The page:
Off the Wall

It was inevitable that the signing of Greg Inglis by the Broncos would raise questions about how he can be fitted under the NRL salary cap restrictions.

And the greatest part of the inevitably relates to the fact that the Broncos, the Storm, and half the NRL, have one owner - News Limited.

The Broncos have responded to the claims of disbelief from Sydney club officials with an outline of the players they have released, or are releasing.

I have not the slightest idea whether or not the Broncos have circumvented the salary cap, but if they have they are surely foolish, given the inevitable scrutiny the recruitment brings.

What some CEO's seem to have forgotten is that the Broncos will have something like $450,000 available to spend when Israel Folau leaves in a couple of months time. And they have offloaded three or four regular first graders - but they have recruited Ben Hannant and upgraded the contracts of any number of their younger players.

That said, it is not unreasonable to question how the Broncos can afford Inglis...or how the Storm were actually in the race to retrain him.

The Broncos are in a better position than any other NRL club to benefit from the new concessions for veteran players and the marquee player allowances that will be available to all clubs in 2011.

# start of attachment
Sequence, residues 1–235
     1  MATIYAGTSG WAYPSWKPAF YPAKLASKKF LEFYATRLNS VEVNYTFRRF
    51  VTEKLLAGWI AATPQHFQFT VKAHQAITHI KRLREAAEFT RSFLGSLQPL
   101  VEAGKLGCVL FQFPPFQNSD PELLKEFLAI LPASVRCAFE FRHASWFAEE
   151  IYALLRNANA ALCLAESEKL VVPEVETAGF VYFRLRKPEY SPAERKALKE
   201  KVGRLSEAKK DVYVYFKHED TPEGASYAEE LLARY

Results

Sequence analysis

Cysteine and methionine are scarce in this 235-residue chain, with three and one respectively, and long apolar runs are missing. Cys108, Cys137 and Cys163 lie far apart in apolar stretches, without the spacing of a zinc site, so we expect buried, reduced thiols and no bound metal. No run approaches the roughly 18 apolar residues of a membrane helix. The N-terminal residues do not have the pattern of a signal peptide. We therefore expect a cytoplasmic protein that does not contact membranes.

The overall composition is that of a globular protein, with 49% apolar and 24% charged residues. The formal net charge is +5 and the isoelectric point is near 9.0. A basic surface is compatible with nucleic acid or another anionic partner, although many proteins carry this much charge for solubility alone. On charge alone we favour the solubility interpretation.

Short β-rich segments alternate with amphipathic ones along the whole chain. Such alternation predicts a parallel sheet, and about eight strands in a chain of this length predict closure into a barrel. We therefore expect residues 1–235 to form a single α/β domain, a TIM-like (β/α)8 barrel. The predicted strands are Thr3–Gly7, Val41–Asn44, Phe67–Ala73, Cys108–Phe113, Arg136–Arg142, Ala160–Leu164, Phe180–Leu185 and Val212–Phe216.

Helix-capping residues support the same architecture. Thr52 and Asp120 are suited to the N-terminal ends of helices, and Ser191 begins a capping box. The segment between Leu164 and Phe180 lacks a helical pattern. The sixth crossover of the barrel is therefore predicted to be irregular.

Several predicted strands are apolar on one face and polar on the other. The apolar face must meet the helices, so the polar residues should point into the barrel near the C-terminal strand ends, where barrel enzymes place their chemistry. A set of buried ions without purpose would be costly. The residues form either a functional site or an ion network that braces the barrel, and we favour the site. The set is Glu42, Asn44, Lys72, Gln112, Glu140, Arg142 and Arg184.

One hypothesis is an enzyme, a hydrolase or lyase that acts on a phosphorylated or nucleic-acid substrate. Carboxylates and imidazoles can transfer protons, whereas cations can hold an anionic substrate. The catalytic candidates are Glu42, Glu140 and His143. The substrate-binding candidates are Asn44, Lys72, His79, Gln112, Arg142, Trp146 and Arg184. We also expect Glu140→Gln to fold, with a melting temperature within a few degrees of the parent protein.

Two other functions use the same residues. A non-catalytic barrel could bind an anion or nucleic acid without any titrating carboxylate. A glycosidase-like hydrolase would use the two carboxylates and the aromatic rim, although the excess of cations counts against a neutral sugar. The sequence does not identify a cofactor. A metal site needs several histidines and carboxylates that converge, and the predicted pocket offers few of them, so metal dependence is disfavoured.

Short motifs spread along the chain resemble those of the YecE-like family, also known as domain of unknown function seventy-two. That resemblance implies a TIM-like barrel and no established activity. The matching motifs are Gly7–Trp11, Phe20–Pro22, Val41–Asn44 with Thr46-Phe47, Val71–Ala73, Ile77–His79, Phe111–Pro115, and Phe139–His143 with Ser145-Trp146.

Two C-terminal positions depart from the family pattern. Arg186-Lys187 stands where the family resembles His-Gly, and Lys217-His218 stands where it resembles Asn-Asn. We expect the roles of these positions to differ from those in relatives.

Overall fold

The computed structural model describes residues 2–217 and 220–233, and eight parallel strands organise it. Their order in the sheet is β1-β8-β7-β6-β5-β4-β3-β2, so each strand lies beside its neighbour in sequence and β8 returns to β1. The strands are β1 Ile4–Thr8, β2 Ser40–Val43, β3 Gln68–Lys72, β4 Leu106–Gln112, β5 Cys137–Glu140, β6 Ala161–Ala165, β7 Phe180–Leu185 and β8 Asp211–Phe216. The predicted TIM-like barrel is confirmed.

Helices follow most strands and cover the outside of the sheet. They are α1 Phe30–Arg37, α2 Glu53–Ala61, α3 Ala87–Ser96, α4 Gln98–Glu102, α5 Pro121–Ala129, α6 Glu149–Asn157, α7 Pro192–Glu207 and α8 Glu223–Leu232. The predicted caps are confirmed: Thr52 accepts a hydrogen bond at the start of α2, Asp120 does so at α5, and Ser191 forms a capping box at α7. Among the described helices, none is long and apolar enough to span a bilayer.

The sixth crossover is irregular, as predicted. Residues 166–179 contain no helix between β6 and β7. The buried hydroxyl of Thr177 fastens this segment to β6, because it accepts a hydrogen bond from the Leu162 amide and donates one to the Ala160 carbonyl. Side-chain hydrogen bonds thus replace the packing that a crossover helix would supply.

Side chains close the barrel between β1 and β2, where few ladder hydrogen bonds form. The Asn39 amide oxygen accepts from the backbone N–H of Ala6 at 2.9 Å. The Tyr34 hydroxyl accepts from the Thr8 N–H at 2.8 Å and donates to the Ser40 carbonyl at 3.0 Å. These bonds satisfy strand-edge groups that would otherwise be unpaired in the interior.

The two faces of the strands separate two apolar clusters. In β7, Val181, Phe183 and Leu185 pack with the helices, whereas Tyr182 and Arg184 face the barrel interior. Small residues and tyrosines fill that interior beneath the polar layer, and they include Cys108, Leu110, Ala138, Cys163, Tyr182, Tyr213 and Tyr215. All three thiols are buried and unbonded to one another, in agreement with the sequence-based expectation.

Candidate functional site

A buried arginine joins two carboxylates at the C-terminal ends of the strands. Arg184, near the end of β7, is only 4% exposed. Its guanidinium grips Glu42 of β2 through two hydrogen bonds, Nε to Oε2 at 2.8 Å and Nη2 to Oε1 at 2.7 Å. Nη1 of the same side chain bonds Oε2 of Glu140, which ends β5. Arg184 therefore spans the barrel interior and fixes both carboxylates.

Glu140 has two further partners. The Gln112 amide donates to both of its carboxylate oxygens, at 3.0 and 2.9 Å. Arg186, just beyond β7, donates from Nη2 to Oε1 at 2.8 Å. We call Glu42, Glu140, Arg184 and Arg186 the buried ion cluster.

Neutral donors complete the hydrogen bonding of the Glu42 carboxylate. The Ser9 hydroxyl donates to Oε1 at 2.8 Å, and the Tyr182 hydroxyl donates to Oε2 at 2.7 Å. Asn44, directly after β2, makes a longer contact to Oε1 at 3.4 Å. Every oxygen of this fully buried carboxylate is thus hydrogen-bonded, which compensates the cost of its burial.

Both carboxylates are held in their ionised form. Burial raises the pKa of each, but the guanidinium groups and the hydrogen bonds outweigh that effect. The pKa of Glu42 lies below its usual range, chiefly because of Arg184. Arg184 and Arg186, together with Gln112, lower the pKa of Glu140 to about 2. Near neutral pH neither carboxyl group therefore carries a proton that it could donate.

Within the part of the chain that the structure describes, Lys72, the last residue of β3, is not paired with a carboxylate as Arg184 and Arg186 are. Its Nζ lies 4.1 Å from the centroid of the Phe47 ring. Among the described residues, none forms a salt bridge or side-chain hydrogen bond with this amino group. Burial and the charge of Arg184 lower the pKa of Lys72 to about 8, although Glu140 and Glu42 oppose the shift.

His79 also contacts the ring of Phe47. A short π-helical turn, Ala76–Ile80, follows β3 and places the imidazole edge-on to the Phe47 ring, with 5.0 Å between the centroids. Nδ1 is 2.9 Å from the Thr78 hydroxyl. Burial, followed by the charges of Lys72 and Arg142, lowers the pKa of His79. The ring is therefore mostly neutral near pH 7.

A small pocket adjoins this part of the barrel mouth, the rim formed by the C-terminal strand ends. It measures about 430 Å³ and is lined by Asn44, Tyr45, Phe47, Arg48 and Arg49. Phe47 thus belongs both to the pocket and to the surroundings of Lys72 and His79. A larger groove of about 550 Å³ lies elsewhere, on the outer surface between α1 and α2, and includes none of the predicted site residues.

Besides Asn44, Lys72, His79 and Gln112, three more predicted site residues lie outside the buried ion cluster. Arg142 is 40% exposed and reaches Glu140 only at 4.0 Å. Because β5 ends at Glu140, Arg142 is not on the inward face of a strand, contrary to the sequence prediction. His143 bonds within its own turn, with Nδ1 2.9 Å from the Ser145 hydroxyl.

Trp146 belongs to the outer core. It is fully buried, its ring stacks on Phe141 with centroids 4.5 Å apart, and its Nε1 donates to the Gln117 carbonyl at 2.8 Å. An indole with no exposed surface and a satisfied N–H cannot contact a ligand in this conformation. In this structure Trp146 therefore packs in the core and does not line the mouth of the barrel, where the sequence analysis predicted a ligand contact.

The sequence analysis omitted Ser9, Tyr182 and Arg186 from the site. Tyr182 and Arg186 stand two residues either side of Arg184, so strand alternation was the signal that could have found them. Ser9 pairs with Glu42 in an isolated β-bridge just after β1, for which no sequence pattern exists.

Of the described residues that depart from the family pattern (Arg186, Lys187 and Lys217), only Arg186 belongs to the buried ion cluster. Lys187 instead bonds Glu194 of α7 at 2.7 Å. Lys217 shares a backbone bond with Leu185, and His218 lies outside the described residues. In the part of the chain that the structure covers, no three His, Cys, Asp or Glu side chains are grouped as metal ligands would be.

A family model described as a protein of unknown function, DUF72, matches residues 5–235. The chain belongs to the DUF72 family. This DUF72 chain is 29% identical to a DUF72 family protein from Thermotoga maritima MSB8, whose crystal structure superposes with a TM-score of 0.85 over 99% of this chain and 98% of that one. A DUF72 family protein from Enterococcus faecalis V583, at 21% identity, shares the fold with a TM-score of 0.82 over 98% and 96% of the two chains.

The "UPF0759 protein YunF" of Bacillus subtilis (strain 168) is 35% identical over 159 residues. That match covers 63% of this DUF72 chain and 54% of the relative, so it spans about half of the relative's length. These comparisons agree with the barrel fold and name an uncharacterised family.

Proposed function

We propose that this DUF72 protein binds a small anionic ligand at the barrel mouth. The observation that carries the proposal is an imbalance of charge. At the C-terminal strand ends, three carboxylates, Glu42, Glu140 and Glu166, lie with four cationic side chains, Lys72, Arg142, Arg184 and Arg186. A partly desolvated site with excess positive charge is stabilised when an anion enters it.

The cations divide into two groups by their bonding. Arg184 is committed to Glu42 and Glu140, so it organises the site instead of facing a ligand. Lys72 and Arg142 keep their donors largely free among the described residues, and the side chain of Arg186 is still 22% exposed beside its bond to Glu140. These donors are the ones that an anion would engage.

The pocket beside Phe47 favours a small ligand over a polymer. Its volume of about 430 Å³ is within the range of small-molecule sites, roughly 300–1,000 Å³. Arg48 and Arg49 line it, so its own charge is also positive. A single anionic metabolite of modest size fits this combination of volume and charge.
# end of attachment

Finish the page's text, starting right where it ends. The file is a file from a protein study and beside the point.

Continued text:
And the Broncos are better placed than any club to benefit from approved sponsorship agreements.

The Broncos are the one team in a large city - the club's catchment area contains a population of something 1.5 million...and the club gets maximum media exposure with a live Friday night game more than any other club, and the strong support of the one daily newspaper in Brisbane.

It also has the largest number of season ticket holders - and average match day crowds double that of just about every other club.

However, even the Broncos are not travelling as well as they were last year when it comes to crowds. The Broncos financial report for the first half of the year was released yesterday - with profit down by close to 50 per cent.

The Broncos home crowds for the period to June 30 were down - from an average of 35,500 to around 32,500 - probably due to the team's average start to the season. An average crowd of 32,500? Many clubs would be happy to get a total like that in two or three games.

The simple reality is that for as long as News owns the Storm, and controls the Broncos, questions about favoured treatment and conflicts of interest will abound.

There is only one answer - News needs to exit ownership of the game as soon as possible.

Would the QRL kindly take note?